Kerri Scarlett is a stay-at-home mom of two girls who enjoys couponing. The motto of her website, SaveAtHomeMommy, is "Spend Less, Live Better, Give More!" Kerri enjoys using coupons to get free or cheap items that allow her to help others. She lives in Bakersfield, Calif., where she designed and now sells a unique coupon-binder system.
1. How did you become interested in coupon clipping and when did you start?
I started couponing out of necessity about 2-1/2 years ago. After moving for my husband's job, we were paying a mortgage on our old home in Virginia for 2-1/2 years as well as our rent and living expenses in California. I thought about getting a part-time job to alleviate some of the stress, but wanted to stay at home with my girls. I stumbled on couponing and, after a few short months, I was hooked! Instead of having to get a part time job, I was able to save enough couponing to make up the difference in our budget.
2. How much time per week do you spend coupon clipping, searching for deals, etc?
I spend about two hours at the most researching, clipping coupons and planning my shopping trips each week. I then spend about two hours shopping. There are always weeks where I don't have to shop at all because I already have plenty.
3. How do you organize all of your coupons?
My coupons are organized in two places. I clip coupons I know I'm likely to use and keep them in my Save At Home Mommy Coupon Binder. I then label the inserts with the date, clip similar ones together, file them by date, and insert them in my file cabinet. This way, I can easily locate coupons for deals I want to cash in on.
4. Where do you find most of your coupons?
Most of my coupons come from Sunday newspaper inserts and from online printable coupon sites.
5. What is the biggest tip you can give to someone interested in becoming a couponer?
By far, the best tip for saving is learning how to stockpile! It's key to buy items your family uses when they'e at their lowest price, and buying enough to last six weeks to three months. This helps you avoid paying top prices. It also allows you enough time for the sale cycles to come around so you can pay that super-low price again and replenish your stockpile. Just clipping coupons and buying those products won't save you much at all. You have to learn to match those coupons with sale prices, store rewards, rebates and any other possible savings methods.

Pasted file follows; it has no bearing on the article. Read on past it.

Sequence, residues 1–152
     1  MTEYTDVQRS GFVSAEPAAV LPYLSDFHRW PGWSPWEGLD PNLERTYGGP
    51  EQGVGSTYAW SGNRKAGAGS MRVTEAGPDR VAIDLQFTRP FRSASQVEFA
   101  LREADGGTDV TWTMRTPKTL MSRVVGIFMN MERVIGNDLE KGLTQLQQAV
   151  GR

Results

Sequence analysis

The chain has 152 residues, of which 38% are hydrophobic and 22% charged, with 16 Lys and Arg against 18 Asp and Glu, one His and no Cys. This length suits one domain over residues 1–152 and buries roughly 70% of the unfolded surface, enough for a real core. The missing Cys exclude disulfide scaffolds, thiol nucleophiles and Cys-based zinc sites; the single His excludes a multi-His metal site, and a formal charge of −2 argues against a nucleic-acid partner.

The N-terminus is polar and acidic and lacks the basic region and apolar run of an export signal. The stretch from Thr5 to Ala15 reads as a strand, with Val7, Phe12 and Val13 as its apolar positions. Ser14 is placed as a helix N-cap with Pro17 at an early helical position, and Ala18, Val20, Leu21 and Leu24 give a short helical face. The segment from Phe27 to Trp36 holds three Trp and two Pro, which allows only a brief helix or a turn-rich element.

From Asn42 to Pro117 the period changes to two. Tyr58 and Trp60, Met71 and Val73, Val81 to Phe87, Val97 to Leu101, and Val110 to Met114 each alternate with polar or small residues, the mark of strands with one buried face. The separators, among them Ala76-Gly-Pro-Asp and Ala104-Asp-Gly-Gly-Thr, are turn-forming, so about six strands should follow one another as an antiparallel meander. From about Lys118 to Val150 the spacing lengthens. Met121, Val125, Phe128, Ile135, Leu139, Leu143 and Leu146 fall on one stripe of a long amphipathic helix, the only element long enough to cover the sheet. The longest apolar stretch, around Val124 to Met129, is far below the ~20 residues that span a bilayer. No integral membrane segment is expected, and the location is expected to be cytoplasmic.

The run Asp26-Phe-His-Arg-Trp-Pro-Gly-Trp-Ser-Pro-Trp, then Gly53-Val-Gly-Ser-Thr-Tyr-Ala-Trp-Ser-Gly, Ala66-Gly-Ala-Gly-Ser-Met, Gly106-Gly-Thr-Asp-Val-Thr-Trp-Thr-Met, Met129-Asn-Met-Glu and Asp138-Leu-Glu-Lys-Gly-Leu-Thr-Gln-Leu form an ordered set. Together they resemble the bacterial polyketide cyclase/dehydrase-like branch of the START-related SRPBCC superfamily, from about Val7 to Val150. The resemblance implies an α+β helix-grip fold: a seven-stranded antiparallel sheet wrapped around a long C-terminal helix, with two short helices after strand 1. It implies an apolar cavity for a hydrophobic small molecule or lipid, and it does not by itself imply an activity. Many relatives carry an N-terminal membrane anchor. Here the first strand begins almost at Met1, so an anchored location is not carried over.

6. What items do you most frequently get for free using coupons?
I find I can get most toiletries and cleaning supplies for free, as long as I buy plenty to last me to the next sale. I also rarely pay much at all for pasta, cereal, crackers and other snacks.
7. Do you ever find yourself buying things you don't need just because you have coupons?
If so, what do you do with those things? No, I only buy items that my family will use or that I plan on donating. We put together bags of non-perishable food and toiletries to keep in our car to hand out to needy people in our community.
8. Do you think you'll always continue to live a "coupon lifestyle?"
Yes!! I can't imagine not using coupons or stockpiling. I'd feel guilty spending so much when I know how much I could be saving! I love that when I get a little burnt out, I can rely on my stockpile for a few weeks and take a break. I'm always ready to get back out there and save, though.
9. How much on average are you able to save on your purchases? Does this vary by the category of goods?
I aim to have at least a 75% savings on my grocery store trips. During most drugstore trips, I try to spend little to nothing out of pocket by rolling store rewards from one week to the next.
10. What age did you start teaching your children about coupons? How do you go about teaching them?
We have two little girls, six and three. They both know what coupons are and know we always use them. My six-year-old knows we use coupons not because we have to, but because we need to be faithful with what money we have been given by God. If there's a way to spend less and give more, we should do it! We've always told them about coupons, but we explain more about savings as they grow older and understand better.
11. What kinds of things do you most frequently stockpile?
I stockpile any items I know my family will use that have a very long shelf life. Any cleaning supplies, toilet paper and most toiletries last a very long time. I also stockpile pasta, canned goods, snacks, cereal, baking mixes, frozen foods and drinks. I usually buy enough to last about six weeks to two months, if possible, in order to last until the next time I'm able to get those items at a rock-bottom price.